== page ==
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By Kevin Pezzi, MD


Another patient raped by a paramedic?

by , MD

I excerpted this story from one of my books of ER stories, lopping off another story prefacing it that isn't relevant to the topic of paramedics raping patients, hence the somewhat awkward beginning here.

I should emphasize that these cases (this and this) are the only ones I know about; the vast majority of paramedics are very honorable people doing heroic work. But thinking of the saying, where there is smoke, there's fire, the visible tip of this depraved iceberg is surely not the whole of it.

I don't want to give you any more nightmares about hospital security, but I may have witnessed an eerily similar case. I say “may have” because I don't know if a rape occurred or not. However, the second I saw the man, who I'll call Jim, I suddenly wondered if he had raped the patient in the room he just left.

Jim worked in the ER as a technician [and outside of it as a paramedic], and I'd seen him thousands of times, but never looking the way he did that Saturday night when he darted out of her room flushed and sweating profusely with a glazed look in his eyes but zero eye contact. Jim was normally affable, relaxed, happy, and slow-moving. I'd never seen him move that fast, nor had I ever seen him sweat. The ER air conditioning was on, so the temperature and humidity were perfect for comfort. Furthermore, he had no obvious reason to be in that room, which was situated at the end of a long hall. And, in case you are wondering … no, I had never suspected anyone else of anything similar, although I'd seen innumerable hospital personnel rush out of rooms before. There was something odd about this event that struck me like a hammer.

I couldn't ask the patient, a mid-twenties woman who was in a permanent vegetative state (PVS)—what most people would call “a vegetable” not out of meanness, but because permanent vegetative state can be a mouthful. She hadn't moved in so long that her joints were frozen, so whenever I saw her (this wasn't the first time), she was curled into a ball. Unlike most PVS patients, she had a cute face and a surprisingly attractive body—even more amazing because she could never exercise, obviously. Sans the brain injury, she probably would have been gracing the cover of a fitness magazine.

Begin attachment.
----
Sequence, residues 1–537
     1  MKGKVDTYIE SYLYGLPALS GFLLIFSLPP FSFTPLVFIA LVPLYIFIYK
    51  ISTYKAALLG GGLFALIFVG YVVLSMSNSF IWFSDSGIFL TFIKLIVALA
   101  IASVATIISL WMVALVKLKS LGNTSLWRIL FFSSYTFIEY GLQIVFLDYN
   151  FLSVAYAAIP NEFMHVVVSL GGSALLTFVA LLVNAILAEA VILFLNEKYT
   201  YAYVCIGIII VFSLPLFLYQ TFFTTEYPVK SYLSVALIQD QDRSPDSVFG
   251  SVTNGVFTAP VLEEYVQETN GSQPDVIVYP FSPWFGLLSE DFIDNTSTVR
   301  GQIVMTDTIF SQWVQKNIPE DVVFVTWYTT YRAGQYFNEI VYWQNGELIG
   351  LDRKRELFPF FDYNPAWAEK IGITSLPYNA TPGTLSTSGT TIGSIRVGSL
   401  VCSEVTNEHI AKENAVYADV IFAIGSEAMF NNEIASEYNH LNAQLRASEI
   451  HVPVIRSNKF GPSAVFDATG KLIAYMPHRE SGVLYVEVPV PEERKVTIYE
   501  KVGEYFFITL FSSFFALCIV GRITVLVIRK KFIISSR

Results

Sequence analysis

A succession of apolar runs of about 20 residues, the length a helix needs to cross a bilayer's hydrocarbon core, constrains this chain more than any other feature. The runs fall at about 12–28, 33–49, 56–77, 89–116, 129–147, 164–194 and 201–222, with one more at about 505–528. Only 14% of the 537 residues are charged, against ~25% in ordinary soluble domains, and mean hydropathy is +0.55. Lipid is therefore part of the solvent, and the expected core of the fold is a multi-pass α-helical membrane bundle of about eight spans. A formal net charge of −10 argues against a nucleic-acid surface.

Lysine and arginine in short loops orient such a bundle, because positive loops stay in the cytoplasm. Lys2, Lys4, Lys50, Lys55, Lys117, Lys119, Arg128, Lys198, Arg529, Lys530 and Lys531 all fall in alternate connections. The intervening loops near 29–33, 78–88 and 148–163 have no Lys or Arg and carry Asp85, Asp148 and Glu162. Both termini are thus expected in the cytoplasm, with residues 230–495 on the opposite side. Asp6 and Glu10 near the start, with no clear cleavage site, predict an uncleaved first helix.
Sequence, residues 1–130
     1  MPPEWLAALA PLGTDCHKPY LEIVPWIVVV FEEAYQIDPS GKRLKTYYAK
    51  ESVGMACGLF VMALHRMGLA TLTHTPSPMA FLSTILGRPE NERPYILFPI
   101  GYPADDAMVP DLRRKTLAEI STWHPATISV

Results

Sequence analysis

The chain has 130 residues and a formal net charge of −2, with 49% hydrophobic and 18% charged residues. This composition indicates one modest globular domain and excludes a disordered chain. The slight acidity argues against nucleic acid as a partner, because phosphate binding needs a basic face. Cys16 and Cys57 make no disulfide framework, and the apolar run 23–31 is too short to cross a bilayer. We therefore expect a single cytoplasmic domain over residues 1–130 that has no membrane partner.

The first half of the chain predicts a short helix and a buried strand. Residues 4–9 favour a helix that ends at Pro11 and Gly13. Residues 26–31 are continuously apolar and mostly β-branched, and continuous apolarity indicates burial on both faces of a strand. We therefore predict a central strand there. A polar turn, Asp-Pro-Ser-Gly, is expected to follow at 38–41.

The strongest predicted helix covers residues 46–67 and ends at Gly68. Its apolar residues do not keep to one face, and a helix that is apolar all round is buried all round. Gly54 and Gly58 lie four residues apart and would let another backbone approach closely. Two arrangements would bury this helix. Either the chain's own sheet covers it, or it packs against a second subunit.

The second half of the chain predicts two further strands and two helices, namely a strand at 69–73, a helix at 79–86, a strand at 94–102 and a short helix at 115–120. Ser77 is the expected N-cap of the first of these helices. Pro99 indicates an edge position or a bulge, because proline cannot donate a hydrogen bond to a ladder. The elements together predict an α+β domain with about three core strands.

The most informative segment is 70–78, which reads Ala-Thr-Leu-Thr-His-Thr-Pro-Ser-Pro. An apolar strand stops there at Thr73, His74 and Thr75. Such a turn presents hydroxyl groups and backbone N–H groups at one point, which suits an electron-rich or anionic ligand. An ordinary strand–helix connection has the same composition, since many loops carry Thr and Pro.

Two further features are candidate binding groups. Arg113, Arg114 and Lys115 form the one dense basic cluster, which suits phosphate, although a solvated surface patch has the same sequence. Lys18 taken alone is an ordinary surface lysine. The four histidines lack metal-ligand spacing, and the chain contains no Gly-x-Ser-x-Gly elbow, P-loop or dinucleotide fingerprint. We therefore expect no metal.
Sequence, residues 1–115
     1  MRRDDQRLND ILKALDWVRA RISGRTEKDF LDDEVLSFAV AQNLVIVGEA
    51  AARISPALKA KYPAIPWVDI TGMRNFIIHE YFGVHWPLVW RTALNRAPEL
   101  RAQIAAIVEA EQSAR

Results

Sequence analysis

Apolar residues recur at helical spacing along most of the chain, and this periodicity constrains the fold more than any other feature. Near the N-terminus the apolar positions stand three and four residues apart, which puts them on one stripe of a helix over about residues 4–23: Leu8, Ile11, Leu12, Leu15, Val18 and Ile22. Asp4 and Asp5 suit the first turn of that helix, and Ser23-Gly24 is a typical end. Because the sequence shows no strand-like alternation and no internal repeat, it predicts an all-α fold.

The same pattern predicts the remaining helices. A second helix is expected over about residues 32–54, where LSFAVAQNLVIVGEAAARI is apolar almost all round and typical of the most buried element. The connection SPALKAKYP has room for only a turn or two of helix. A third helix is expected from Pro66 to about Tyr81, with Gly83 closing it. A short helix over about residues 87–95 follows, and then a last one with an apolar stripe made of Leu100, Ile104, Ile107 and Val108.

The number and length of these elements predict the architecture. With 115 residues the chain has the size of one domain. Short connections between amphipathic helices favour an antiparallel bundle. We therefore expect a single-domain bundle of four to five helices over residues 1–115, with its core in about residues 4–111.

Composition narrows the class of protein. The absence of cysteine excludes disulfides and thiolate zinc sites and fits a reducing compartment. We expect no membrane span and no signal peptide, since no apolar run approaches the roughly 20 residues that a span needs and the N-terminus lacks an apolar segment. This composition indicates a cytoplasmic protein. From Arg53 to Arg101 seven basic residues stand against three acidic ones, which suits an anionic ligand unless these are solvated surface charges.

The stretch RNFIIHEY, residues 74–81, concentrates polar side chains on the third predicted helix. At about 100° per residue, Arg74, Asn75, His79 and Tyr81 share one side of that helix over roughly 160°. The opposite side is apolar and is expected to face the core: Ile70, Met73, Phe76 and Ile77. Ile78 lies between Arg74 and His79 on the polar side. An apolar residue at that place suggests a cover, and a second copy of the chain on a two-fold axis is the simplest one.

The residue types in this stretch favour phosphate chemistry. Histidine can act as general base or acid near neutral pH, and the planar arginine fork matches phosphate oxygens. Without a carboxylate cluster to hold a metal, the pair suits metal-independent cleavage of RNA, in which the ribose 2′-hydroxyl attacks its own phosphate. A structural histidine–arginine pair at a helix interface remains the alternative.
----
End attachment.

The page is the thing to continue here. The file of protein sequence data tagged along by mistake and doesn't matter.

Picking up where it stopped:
So did Jim rape her? I don't know. I did not have sufficient evidence to make that allegation, but I had a gut feeling that it did occur. I would have performed a rape examination had I seen any tangible evidence of it, such as him zipping up his pants when I entered the room, but I did not think that I had adequate grounds to proceed. That would necessitate examining not just the patient, but also collecting specimens from Jim, my co-worker, who undoubtedly would have been devastated if my suspicion was false. He might even have successfully sued me, and won millions (not that I have that much to give), if I made the rape accusation with zero proof of it.

Perhaps I should have had a female nurse step into the room while I did a quick check for semen or some other evidence. However, from what I know about numerous legal precedents (none identical to this one, unfortunately), a hunch is not sufficient legal justification or “probable cause” to allege a rape and investigate it. If I thought that a rape occurred, I should do a complete exam, collect the numerous specimens, file a police report, etc. Not a partial exam or “quick look,” because a rape can occur without that showing anything.

This is one of those gray-zone medical dilemmas without a clear-cut solution. Some people might argue for doing the rape exam to protect the patient. Others might argue with equal vehemence that it would be a gross injustice to Jim to proceed without more evidence of wrongdoing. In our crazy legal system, criminals can be freed on a technicality if a court determines that the police proceeded without probable cause. I doubt that any court would say that I had probable cause. Even I doubt that. Yet my hunches are usually correct, and if I had to guess, I'd bet that this one was, too.

UPDATE: This case still bothers me. If I had to do it over, I now lean toward a full investigation, but it is easy to say that in retrospect, not being immersed in a busy ER (as the ER was that day), when the last thing that other patients needed was the doctor distracted by a long rape examination and the ER in turmoil because of the allegation.

This isn't the first time I wished ER doctors were given more legal training, and of course more staff coverage to give docs the luxury of more time to make such decisions by consulting others. It's tragic that many professional athletes (paid significantly more than doctors) often sit on the sidelines just waiting in case they are needed to enter the game, but in every ER I worked in, there was never any ER doctor on-call for backup no matter how busy we were. So if I had to run three codes at the same time, that's what I did.